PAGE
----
Tuesday, October 8, 2013

'Sudden Fiction: American Short-Short Stories' -- a Goodreads review

Sudden Fiction: American Short-Short StoriesSudden Fiction: American Short-Short Stories by Robert Shapard

My rating: 5 of 5 stars


I found gems in this collection, like Stuart Dybek's "Sunday at the Zoo," which takes barely a page to accomplish craziness, desperation, and hilarity.

Raymond Carver's "Popular Mechanics" flares up and chars the imagination in little more than a page and a half.

In the Afterwords sections, I also found several insights into the short-short story from Dybek, Tobias Wolff, Joyce Carol Oates, Paul Theroux, Russell Banks, Mark Strand, and several others.

For example, in one of the Afterwords, Joe David Bellamy writes, "Compression and concision have always been part of the aesthetic of the American short story form. Some writers, perhaps spurred on by information overload of our time, began to experiment with just how far these values could be pushed without losing the minimum weight needed for a memorable dramatic statement."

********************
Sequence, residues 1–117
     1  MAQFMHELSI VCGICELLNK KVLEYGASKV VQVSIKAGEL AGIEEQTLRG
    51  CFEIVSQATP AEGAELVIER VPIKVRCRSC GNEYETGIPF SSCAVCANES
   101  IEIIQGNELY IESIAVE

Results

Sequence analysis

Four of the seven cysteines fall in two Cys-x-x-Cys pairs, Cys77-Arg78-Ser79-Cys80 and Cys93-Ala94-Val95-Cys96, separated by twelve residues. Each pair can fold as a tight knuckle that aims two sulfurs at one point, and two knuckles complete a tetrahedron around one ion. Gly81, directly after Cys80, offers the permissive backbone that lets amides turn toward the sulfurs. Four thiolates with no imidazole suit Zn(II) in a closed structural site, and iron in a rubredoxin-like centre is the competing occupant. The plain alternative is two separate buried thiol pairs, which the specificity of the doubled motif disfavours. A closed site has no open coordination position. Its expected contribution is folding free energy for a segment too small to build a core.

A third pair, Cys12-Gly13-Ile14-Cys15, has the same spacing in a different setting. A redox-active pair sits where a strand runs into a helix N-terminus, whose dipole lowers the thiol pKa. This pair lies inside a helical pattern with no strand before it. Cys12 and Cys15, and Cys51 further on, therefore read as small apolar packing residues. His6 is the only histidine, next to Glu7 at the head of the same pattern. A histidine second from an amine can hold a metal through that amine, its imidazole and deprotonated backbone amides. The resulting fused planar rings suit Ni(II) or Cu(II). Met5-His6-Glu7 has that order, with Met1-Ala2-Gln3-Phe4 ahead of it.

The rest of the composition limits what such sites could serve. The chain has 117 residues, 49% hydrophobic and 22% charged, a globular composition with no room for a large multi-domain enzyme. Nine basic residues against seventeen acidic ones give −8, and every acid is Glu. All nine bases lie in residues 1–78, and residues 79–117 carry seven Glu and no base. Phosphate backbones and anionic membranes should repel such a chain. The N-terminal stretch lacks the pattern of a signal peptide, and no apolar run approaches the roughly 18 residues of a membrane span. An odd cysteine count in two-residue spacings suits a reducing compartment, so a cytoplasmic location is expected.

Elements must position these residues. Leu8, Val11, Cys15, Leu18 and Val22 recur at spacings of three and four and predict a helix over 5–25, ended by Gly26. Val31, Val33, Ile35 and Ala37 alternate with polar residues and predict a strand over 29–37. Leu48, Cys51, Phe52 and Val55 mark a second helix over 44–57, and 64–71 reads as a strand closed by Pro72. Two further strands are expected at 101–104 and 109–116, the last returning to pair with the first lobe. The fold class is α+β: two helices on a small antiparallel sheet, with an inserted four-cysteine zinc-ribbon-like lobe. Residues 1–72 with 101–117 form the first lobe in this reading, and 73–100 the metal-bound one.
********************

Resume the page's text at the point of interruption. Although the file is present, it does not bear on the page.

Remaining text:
Fred Chappel writes, "Unease, whether humorous or sad, is the effect the short-short aims at."

Charles Baxter: "It's a test of the reader's ability to fly, using minimal materials."

Baxter again: "It's not that people don't have attention spans. They just don't believe in the future, and they're tired of information."





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